“Rafa two years ago reached a point of great mental fatigue that was very difficult to get out of and now he has interpreted that he was close to that again. He cannot afford a Grand Slam if he is not at 100%, for all that his image implies, for prestige and for how he is.” Moya explained.

Besides the mental aspect, Moya also admits the ongoing COVID-19 restrictions have been difficult. Despite Wimbledon welcoming fans this year, players will be within a bubble which restricts their movement. Even those who have houses in London will not be allowed to stay there during the tournament and instead have to stay at the player’s hotel.

“The (French Open) defeat has not affected as much as the fact that there is a week less than usual to prepare for Wimbledon, as well as the context in which we are with the pandemic. It is difficult on a mental level to face the confinements prior to a great match, to play with little public, etc. This affects Rafa, he is a person who has a great connection with people and it was hard to go to London with a quarantine in between, ” he said.

As it currently stands, Nadal is set to play both the Rogers Cup and Cincinnati Masters later this year ahead of the US Open.

Continue Reading

Hot Topics

Coco Gauff Will Be A ‘Sensation’ At Wimbledon, Says Former World No.1 Austin

The 17-yeart-old has been tipped as a potential title contender at SW19 but she says her goal is to ‘have fun and enjoy’ the Championships.




Rising star Coco Gauff has what it takes to go all the way at Wimbledon this year, according to a former great of American tennis.


Two-time US Open champion Tracey Austin has backed the youngster to reach the later stages of the tournament in what will only be her second main draw appearance. Gauff made her Wimbledon debut back in 2019 when she stunned the draw by reaching the fourth round as a 15-year-old qualifier. She is the youngest player to have ever reached the main draw by coming through qualifying in the Open Era.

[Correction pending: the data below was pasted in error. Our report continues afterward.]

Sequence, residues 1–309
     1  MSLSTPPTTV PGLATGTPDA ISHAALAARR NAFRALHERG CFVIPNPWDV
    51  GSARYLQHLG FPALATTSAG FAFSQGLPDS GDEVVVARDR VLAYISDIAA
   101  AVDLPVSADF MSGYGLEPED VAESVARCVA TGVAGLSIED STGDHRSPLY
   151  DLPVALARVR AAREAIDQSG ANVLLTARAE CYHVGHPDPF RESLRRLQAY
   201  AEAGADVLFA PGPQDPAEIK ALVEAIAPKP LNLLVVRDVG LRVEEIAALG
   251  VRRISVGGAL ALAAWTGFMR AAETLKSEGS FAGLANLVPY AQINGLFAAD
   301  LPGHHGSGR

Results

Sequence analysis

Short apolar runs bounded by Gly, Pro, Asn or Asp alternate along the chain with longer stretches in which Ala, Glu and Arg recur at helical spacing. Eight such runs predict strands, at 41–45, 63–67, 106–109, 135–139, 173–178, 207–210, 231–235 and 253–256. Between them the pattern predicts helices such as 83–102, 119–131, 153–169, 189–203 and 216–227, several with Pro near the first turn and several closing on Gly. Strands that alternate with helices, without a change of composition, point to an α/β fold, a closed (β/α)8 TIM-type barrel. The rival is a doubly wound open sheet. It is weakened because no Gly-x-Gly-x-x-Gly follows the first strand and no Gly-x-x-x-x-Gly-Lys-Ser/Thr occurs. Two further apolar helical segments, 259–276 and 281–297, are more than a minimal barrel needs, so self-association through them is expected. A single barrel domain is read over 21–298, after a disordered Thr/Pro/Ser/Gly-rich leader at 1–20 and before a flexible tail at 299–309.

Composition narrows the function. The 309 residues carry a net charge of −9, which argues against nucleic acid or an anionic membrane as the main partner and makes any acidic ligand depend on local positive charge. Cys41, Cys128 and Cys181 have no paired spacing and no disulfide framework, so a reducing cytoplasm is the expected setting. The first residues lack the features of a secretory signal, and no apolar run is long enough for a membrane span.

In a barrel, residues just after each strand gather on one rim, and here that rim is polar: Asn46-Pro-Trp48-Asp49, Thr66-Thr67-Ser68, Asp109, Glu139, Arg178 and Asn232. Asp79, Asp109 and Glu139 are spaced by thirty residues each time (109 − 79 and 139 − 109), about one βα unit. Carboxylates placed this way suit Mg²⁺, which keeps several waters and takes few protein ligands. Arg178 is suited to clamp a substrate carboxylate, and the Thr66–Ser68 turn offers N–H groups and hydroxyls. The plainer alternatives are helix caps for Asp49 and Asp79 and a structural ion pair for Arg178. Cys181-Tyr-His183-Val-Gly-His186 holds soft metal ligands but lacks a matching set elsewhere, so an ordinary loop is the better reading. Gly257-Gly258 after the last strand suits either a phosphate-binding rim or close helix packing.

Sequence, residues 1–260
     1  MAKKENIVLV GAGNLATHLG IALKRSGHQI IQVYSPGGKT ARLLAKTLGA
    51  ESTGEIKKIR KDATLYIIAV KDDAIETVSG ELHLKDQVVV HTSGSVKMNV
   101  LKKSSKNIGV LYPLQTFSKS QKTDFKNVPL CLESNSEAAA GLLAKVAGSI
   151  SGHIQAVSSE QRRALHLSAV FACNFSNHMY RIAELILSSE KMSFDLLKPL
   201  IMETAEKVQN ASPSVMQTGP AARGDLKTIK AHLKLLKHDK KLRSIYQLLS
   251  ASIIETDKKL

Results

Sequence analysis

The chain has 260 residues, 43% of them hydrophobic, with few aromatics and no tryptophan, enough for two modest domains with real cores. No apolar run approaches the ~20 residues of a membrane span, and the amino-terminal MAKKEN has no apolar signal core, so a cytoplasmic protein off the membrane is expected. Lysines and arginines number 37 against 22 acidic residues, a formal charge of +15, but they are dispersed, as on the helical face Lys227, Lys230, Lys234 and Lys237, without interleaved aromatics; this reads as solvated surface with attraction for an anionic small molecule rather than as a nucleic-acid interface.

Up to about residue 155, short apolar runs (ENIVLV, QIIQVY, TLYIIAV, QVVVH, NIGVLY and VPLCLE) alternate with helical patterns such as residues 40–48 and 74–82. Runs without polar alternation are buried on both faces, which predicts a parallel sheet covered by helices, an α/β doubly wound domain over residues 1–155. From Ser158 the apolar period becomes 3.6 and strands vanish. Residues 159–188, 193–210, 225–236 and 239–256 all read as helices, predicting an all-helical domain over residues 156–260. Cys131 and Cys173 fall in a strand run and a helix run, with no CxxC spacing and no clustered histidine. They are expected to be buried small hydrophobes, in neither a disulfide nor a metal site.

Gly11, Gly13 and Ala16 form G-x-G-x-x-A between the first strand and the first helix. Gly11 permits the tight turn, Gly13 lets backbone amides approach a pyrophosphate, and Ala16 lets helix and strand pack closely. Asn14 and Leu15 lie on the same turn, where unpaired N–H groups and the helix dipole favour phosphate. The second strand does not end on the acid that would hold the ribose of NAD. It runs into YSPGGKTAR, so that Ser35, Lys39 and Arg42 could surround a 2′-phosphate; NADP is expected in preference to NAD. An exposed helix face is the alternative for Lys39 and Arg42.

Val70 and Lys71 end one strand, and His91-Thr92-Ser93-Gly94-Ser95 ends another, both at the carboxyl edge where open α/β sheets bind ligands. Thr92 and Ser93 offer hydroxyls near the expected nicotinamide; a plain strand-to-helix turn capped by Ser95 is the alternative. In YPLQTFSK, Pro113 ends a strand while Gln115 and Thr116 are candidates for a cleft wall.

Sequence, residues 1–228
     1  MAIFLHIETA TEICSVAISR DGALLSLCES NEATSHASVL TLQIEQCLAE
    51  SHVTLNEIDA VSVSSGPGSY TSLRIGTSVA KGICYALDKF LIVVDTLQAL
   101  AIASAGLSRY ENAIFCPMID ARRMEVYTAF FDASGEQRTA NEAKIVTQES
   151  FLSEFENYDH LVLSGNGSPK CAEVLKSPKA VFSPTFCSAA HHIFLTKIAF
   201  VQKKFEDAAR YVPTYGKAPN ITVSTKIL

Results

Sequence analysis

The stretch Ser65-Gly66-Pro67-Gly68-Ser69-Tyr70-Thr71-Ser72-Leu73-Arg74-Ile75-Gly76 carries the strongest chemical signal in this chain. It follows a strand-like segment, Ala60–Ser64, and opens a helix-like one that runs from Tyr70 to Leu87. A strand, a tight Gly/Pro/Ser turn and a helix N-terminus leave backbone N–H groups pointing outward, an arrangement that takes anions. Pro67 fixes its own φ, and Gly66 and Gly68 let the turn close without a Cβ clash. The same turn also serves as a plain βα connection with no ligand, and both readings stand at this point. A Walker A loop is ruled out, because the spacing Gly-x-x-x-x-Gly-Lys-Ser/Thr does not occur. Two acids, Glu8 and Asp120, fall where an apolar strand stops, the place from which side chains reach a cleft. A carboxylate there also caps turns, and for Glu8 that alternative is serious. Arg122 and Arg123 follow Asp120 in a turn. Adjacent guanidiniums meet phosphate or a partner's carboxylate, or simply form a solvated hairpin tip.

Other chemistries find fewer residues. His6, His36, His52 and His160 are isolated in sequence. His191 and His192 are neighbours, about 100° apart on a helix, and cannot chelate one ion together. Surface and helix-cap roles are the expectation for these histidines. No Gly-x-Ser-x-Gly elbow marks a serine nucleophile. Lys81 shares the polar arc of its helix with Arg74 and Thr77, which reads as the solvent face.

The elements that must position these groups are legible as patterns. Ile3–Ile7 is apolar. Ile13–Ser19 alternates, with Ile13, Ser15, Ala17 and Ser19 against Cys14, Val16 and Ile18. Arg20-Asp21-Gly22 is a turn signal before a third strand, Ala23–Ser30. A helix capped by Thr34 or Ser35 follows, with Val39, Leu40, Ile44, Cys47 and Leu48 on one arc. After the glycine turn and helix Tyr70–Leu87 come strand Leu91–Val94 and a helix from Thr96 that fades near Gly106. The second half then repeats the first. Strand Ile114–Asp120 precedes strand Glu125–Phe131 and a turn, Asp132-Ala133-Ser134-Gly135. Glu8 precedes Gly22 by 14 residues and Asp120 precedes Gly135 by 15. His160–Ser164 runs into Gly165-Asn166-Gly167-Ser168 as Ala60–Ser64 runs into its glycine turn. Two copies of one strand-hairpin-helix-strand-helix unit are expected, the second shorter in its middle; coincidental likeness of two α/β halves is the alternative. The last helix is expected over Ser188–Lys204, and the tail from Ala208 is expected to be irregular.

Since that breakthrough two years ago, the American has surged up the rankings to a career high of 23rd in the world and has already won two WTA titles. Gauff also recently reached the quarter-finals of the French Open before losing to Barbora Krejčíková who went on to win the title.

“She will go deep at Wimbledon. She will be a sensation again,Austin said of Gauff’s Wimbledon chances.
“Two years on (from 2019) her forehand has improved, her second serve has improved and she is so much stronger. (She has a) wealth of experience and has now won titles. She is going to go back there as a seeded player and she is going to go deep.”

Continuing her praise of Gauff, Austin drew parallels between the youngster and another great of the game when it comes to the use of her second serve.

“Venus (Williams) had that same slice second serve and Venus has won Wimbledon five times because the grass accentuates the grass and helps you,” she said.

Gauff is back in action this week at the Eastbourne Open where she will be unseeded in the draw. It will be her first Tour event on the surface for almost two years after the 2020 grasscourt swing was cancelled due to the COVID-19 pandemic.

Whilst there are high expectations for the youngster to impress, Gauff insists that she is not feeling any pressure ahead of Wimbledon.

“People might expect me to feel pressure going into it, but I don’t really feel any pressure going into it. I’m just going to have fun and enjoy it. I don’t really want to push myself to compare my result this year with last time,” she told reporters on Sunday.
“I want to do better than when I first went there but it was the start of everything. I’m thankful for that experience and it definitely helped me as a player and a person.
“I guess I haven’t actually had any flashbacks regarding Wimbledon yet, so maybe that will happen when I get on the grounds.”